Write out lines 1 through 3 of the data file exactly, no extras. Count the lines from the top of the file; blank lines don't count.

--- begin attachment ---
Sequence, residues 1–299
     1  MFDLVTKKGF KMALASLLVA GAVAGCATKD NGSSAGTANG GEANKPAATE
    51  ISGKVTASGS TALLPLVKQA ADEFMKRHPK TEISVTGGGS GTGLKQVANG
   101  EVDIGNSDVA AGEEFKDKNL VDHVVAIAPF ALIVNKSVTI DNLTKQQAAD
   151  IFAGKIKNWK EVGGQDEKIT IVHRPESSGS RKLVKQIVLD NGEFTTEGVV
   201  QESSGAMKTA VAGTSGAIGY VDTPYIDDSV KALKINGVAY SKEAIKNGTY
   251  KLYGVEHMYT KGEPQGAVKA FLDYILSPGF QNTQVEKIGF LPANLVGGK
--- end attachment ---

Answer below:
Sequence, residues 1–299
     1  MFDLVTKKGF KMALASLLVA GAVAGCATKD NGSSAGTANG GEANKPAATE
    51  ISGKVTASGS TALLPLVKQA ADEFMKRHPK TEISVTGGGS GTGLKQVANG